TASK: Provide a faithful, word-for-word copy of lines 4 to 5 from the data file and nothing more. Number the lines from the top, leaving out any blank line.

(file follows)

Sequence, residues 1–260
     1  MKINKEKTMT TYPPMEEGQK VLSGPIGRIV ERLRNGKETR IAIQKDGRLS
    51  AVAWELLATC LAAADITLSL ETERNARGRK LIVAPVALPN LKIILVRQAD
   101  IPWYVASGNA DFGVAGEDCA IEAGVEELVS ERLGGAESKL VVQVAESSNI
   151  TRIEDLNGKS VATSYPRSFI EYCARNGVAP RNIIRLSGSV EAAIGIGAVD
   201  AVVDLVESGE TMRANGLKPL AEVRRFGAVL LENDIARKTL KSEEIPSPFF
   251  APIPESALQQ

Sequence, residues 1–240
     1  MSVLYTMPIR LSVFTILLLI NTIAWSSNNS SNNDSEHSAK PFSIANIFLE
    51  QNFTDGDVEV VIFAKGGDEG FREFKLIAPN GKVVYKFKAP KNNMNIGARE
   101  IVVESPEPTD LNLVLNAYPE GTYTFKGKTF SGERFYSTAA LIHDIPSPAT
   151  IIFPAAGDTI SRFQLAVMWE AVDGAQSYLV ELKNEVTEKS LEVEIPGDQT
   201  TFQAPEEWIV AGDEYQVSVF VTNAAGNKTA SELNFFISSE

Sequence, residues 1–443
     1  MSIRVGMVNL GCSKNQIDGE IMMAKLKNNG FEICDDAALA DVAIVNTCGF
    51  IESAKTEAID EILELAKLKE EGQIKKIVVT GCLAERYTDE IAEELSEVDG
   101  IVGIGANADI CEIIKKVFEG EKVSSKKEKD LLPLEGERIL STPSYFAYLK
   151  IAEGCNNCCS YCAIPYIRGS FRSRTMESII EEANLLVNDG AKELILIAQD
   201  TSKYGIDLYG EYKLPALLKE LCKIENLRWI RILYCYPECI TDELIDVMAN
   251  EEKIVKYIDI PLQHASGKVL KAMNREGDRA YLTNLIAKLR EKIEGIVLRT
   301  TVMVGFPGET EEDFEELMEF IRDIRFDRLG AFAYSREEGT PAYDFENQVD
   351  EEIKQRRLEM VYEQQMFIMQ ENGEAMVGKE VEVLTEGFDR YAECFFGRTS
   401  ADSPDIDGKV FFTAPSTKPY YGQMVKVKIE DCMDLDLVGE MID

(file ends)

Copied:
   101  IPWYVASGNA DFGVAGEDCA IEAGVEELVS ERLGGAESKL VVQVAESSNI
   151  TRIEDLNGKS VATSYPRSFI EYCARNGVAP RNIIRLSGSV EAAIGIGAVD